Emerging issues, challenges, and changing epidemiology of fungal disease outbreaks

Kaitlin Benedict, Malcolm Richardson, Snigdha Vallabhaneni, B Jackson, Tom Chiller

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Several recent high-profile outbreaks have drawn attention to invasive fungal infections (IFIs) as an increasingly important public health problem. IFI outbreaks are caused by many different fungal pathogens and are associated with numerous settings and sources. In the community, IFI outbreaks often occur among persons without predisposing medical conditions and are frequently precipitated by environmental disruption. Healthcare-associated IFI outbreaks have been linked to sub-optimal hospital environmental conditions, transmission via healthcare workers’ hands, contaminated medical products, and transplantation of infected organs. Outbreak investigations provide important insights into the epidemiology of IFIs, uncover risk factors for infection, and identify opportunities for preventing similar events in the future. Well-recognized challenges with IFI outbreak recognition, response, and prevention include the need for improved rapid diagnostic methods, the lack of routine surveillance for most IFIs, adherence to infection control practices, and healthcare provider awareness. In addition, recent IFI outbreak investigations have revealed several emerging issues, including: new populations at risk because of travel or relocation, occupation, or immunosuppression; fungal pathogens appearing in geographic areas in which they have not been previously recognized; and contaminated compounded medications. This review highlights notable IFI outbreaks in the past decade, with an emphasis on these emerging challenges in the United States.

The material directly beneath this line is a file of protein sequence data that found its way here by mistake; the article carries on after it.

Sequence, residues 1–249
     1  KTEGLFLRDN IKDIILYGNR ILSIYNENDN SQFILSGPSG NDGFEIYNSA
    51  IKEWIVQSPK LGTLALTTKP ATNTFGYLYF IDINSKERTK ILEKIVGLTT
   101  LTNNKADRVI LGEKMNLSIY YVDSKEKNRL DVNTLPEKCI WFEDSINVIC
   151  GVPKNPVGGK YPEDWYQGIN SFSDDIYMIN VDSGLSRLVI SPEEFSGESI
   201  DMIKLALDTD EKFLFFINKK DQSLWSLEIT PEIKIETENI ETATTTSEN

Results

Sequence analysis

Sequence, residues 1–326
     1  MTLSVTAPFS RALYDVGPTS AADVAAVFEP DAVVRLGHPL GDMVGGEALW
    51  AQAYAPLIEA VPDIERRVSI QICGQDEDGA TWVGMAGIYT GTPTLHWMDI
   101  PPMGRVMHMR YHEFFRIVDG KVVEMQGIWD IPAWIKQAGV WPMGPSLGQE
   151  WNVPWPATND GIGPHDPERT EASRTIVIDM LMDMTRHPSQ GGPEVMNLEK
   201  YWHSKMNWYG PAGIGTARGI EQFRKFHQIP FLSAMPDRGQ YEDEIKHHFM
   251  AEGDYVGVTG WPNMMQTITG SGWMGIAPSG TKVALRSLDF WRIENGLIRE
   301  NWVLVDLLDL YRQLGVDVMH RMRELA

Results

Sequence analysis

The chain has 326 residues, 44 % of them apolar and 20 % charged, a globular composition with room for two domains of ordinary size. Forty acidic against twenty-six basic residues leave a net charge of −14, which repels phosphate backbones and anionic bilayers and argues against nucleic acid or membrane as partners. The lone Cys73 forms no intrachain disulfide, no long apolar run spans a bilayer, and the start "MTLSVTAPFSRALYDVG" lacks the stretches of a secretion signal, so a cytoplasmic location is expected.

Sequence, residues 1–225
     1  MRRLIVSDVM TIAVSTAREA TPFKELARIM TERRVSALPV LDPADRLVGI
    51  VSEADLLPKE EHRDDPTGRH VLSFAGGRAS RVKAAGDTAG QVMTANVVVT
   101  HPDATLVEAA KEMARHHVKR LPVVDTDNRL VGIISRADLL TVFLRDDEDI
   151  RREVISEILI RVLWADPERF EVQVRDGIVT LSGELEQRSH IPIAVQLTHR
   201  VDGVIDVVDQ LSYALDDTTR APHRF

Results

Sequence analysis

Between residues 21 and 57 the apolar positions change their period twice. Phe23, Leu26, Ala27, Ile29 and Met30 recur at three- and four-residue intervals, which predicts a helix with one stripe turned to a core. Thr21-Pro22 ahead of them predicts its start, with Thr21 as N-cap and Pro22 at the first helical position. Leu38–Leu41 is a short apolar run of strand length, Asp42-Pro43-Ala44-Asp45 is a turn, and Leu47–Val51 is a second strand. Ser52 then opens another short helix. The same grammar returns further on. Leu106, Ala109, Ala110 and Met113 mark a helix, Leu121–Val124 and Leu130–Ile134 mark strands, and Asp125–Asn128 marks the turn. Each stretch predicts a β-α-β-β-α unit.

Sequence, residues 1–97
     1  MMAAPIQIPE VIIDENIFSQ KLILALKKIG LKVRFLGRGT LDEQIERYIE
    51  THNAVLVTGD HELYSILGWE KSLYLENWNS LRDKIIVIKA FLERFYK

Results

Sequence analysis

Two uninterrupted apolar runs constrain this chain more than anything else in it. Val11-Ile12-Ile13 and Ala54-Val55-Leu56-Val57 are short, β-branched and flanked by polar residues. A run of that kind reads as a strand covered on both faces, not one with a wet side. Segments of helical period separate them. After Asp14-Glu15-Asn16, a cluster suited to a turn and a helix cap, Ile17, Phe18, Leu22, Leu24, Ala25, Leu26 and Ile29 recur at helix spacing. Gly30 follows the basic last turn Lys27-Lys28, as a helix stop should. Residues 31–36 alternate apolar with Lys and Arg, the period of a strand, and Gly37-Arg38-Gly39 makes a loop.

Original languageEnglish
JournalThe Lancet
Early online date31 Jul 2017
Publication statusPublished - 2017


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